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I know that we say that something is full of something, so why that doesn't apply to "rich of"? For instance:

The country is rich in oil.

rather than

The country is rich of oil

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    There is often no logic to which preposition applies in a given situation. You just have to know them. – The Photon Jan 6 at 17:59
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    I’ve added an “is” to your second example to make it similar to the first. If that wasn’t your intention, you should edit your question to remove it. You can see the changes I made by clicking the “edited” link above. – ColleenV Jan 6 at 18:07
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    Offhand it's not easy to think of contexts where someone/something can be [ADJECTIVE] of [NOUN}. A couple that come to mind are A poor man is short of money and Monday's child is fair of face. There must be more, but I just can't come up with another right now (and even my second one there was a bit "dated", to say the least! :) – FumbleFingers Jan 6 at 18:18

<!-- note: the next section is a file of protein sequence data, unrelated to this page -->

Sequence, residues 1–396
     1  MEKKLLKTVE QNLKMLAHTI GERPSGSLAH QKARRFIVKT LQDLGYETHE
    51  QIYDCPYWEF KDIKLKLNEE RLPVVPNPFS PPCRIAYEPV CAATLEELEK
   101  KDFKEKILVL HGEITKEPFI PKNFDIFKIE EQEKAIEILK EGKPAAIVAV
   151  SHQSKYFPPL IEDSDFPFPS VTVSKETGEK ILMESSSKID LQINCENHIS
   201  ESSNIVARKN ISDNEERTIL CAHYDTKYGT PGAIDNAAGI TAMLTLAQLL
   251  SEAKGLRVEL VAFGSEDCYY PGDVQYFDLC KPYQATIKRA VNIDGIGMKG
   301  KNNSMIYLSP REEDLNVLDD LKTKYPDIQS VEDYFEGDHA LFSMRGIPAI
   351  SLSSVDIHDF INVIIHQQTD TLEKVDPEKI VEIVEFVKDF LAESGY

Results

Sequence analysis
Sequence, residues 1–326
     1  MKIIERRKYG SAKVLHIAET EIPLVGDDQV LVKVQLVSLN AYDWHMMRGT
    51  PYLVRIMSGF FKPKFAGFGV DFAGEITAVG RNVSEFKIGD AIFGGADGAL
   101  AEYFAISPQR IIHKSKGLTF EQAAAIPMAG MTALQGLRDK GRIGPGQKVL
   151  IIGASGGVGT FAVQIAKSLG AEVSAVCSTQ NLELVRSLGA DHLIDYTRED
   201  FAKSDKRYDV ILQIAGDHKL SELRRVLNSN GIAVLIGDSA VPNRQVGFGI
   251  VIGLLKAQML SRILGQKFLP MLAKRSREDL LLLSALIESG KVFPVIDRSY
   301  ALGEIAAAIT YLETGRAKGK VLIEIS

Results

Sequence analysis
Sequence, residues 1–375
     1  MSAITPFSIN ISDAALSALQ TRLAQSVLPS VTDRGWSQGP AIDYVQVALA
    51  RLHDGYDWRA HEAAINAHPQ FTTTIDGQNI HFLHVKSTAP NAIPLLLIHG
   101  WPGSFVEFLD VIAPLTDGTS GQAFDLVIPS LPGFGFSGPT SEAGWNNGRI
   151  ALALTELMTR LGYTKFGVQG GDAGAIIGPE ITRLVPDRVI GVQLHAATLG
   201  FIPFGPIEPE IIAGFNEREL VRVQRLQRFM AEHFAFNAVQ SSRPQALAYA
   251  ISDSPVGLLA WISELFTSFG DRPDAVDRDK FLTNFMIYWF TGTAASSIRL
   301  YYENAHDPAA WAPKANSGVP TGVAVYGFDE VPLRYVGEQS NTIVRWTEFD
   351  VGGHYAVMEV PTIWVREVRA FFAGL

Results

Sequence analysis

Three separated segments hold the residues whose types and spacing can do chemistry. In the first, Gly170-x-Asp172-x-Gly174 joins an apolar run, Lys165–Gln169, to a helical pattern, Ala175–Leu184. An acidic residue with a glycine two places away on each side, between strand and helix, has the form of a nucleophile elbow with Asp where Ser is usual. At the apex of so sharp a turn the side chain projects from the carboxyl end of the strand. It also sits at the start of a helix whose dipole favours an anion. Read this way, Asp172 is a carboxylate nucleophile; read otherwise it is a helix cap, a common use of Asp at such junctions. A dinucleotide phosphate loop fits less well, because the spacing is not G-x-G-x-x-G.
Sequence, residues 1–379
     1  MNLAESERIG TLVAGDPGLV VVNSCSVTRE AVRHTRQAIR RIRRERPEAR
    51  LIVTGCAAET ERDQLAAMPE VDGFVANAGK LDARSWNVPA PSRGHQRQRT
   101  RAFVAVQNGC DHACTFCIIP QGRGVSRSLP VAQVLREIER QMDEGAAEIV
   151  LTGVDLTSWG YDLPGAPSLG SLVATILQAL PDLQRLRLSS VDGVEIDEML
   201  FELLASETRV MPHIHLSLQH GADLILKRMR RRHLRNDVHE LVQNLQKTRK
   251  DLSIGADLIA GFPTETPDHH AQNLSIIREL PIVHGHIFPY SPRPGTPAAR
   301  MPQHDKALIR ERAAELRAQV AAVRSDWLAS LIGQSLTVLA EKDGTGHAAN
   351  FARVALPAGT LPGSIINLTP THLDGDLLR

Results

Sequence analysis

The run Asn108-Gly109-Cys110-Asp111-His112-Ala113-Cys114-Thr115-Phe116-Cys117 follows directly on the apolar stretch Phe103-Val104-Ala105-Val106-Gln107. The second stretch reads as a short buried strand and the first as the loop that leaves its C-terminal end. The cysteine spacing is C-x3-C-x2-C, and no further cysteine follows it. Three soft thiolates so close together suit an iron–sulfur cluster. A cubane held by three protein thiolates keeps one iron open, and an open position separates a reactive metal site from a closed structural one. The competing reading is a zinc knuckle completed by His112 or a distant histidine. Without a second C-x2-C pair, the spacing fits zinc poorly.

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    My brother said it was "good of me" to help him. My aunt said I was "good for nothing". My father said I was "good at soccer". My grandma said I was "good in parts". – Weather Vane Jan 6 at 18:26
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    @FumbleFingersReinstateMonica empty of? :) (the streets are empty of people/rubbish) – Andrew Tobilko Jan 6 at 18:26
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As one commenter said, often there isn't much logic to which preposition sounds natural! However in this case, I would think about the meaning of the sentence without the prepositional phrase:

The country is full.

This seems to be lacking information. We are left asking, full of what?

The country is rich.

This is a complete thought; the country is generally wealthy. Now we could ask, in what areas is the country rich?

While this answer isn't based on a solid rule, I hope it's a helpful example of how to think through similar problems in the future!

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